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Old 10-21-2019, 10:28 PM   #21
wingnut60
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Roberts RV in IN that has fine recs on DRV jack repair, is a hydraulic shop. Hydraulic rams are mostly similar in operation/construction. Have seen many oilfield hydraulic failures repaired in shops you would not want your DRV near. I suppose there are different degrees of competency in these shops, but the basics of hydraulic rams are the same.
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Old 10-22-2019, 06:52 AM   #22
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I watched a You Tube video on removing/replacing a side stabilizer and it looks pretty easy. I’ve also located 3 hydraulics repair shops in the area. When I return from this trip, I’ll pull it and have it repaired. Hopefully, it won’t cause a problem on this short trip.
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Old 10-22-2019, 09:59 AM   #23
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Originally Posted by clev View Post
I watched a You Tube video on removing/replacing a side stabilizer and it looks pretty easy. Iíve also located 3 hydraulics repair shops in the area. When I return from this trip, Iíll pull it and have it repaired. Hopefully, it wonít cause a problem on this short trip.
I think the main concern with the Lippert jacks is the proprietary seals they use, not readily available.

The shop in Indy refits the assembly for readily available, higher quality seals. Problem solved.
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Old 10-22-2019, 10:10 AM   #24
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My Machinist friend in WA just rebuilt my two front and two of the rears. The rears have QUALITY seals and he said they are vERY robust. Mine rears were leaking where the Glan screws onto the outer tube.

The fronts he went to a much better quality and type of seal as does Roberts.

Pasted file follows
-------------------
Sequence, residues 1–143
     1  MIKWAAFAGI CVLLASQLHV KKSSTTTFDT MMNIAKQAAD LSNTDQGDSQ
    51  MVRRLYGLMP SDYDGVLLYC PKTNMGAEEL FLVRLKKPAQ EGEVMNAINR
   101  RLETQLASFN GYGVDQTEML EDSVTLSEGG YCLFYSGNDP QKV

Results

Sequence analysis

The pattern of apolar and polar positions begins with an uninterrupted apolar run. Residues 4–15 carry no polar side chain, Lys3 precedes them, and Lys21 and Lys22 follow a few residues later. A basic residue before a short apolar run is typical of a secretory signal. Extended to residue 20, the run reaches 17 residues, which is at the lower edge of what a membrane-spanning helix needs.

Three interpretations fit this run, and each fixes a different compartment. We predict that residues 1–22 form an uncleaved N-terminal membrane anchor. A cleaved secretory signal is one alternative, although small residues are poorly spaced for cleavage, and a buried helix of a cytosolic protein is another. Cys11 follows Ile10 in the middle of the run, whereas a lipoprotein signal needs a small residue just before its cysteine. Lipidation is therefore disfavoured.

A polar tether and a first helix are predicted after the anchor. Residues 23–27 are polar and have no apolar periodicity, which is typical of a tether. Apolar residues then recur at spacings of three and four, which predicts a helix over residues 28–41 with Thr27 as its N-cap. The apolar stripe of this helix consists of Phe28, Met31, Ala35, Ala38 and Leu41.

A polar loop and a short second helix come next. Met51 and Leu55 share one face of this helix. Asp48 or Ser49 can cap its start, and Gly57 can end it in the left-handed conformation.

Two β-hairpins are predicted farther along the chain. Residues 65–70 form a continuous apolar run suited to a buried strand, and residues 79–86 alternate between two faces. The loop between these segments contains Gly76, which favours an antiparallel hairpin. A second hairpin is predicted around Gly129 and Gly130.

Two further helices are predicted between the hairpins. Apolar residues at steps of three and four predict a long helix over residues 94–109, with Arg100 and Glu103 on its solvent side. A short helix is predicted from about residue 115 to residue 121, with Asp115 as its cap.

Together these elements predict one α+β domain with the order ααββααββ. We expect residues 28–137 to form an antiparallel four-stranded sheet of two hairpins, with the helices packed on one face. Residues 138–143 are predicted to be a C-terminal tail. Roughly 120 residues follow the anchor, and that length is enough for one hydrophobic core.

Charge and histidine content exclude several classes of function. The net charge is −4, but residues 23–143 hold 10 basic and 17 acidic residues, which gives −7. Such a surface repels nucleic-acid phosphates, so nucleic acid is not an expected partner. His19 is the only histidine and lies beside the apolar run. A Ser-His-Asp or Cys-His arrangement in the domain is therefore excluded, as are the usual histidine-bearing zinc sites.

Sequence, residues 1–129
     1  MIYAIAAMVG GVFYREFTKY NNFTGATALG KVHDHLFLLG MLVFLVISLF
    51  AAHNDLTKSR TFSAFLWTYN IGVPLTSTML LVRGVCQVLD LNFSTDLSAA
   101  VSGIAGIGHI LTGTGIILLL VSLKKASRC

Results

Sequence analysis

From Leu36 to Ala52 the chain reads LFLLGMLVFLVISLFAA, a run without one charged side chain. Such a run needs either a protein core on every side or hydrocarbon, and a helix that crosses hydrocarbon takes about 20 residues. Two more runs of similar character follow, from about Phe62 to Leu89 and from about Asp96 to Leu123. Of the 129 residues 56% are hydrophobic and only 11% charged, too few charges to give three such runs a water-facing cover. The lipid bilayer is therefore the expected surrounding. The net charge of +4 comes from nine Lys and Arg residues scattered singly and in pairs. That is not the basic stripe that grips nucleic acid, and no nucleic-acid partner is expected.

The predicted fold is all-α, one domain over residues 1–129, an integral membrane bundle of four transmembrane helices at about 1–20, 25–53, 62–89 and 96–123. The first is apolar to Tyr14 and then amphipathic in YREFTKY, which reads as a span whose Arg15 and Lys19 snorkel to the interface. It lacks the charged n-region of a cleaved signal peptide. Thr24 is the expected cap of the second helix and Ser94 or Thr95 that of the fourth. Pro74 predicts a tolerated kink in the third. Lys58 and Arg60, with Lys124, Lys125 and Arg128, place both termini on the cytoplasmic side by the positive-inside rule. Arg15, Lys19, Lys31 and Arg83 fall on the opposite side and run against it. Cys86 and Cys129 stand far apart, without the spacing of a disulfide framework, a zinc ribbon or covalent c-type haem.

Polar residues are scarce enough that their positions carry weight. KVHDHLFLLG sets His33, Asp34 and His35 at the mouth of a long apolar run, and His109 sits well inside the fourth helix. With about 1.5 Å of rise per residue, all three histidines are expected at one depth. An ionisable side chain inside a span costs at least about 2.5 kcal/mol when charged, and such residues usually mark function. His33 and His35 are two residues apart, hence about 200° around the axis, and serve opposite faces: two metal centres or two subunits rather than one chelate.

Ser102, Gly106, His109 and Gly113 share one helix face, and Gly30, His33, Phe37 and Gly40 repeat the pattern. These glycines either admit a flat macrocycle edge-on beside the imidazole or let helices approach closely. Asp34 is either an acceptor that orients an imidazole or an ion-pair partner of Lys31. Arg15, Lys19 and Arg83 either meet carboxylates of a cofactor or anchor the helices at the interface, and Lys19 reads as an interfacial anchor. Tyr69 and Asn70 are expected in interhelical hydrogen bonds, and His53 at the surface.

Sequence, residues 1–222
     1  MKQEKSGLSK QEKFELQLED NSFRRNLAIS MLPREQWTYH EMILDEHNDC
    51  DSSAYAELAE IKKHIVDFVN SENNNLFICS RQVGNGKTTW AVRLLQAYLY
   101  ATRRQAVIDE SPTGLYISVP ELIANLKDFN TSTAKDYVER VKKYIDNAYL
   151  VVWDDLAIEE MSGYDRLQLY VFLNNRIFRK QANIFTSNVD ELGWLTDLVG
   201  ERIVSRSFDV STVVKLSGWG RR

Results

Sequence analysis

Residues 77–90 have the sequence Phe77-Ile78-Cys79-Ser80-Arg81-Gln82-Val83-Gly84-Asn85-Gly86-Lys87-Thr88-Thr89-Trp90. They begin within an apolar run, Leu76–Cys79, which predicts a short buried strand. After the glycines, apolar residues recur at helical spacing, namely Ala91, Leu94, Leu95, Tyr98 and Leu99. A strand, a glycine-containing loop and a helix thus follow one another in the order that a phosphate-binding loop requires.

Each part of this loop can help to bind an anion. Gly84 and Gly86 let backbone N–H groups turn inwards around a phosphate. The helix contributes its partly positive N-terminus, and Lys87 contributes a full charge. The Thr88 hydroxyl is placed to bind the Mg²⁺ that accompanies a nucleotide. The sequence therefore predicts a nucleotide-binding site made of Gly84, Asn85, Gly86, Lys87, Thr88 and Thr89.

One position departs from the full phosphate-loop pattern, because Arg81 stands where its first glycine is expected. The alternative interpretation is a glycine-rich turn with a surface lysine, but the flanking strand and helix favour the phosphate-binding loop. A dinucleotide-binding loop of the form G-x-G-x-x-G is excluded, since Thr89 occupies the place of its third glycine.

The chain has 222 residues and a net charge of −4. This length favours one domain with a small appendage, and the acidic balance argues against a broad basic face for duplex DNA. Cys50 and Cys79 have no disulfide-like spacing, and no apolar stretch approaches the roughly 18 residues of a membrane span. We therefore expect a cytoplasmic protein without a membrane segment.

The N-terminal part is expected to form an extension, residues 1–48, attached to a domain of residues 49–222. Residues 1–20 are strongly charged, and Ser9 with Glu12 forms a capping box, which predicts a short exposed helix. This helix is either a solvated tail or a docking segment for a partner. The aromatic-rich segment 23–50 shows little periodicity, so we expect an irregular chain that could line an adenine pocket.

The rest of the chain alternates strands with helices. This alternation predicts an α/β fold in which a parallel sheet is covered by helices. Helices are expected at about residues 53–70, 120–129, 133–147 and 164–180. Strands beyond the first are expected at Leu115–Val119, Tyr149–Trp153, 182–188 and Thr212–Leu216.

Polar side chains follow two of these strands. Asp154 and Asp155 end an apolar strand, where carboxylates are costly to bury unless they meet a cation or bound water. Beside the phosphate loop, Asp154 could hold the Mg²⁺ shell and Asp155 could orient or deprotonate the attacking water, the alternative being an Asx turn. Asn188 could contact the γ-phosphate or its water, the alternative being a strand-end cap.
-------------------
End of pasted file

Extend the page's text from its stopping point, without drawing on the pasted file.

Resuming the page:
It takes a pit to change out the fronts.

He also cuts off the foot pad adapter nut and welds on a new nut in alignment to the shaft. Lippert welds every one on crooked. Roberts does the same.

Roberts will replace the ram outer tube if the small return line is excessively worn at $200 ea. Problem is the wear will start all over again. My Machinist fried has came up with a way to keep the small tube from wearing against the inside of the silver outer tube you see. Another BIG improvement doing this upgrade the side to side stability is vastly improved!
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Old 10-22-2019, 12:43 PM   #25
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I just found this thread. I posted a separate one about a leaking ram. The ram in front of the passenger side front wheel has oil residue on the ground plate. On inspection, there is oil residue on the bottom of the ram, where the tube comes down. Not a lot, more of a seep and not a dripping leak. How do I fix that? Take it off, and take it where? I can repair almost anything, but am totally clueless with hydraulics.
I did mine and I wouldnít want to do it again. You need a hole to drop them in and it needs to be about two feet drop below the bottom of of the housing. Might be more. I should have posted that back when I did it. Bottom line is if all i had was a minor leak I would tighten all the lines on that side and ignore it until it got worse. It is a tough tough job.
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Old 09-09-2020, 04:59 PM   #26
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I have a 2012 36 TKSB3 with a leaking front landing gear ram. I ordered and received a new hydraulic ram from Lippert for nearly $500. It looks like I might have enough room to replace from the inside of the basement area. Am I wrong and will I need a hole under the ram to replace it from the bottom side? I sure hope not.
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Old 09-09-2020, 06:19 PM   #27
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I have a 2012 36 TKSB3 with a leaking front landing gear ram. I ordered and received a new hydraulic ram from Lippert for nearly $500. It looks like I might have enough room to replace from the inside of the basement area. Am I wrong and will I need a hole under the ram to replace it from the bottom side? I sure hope not.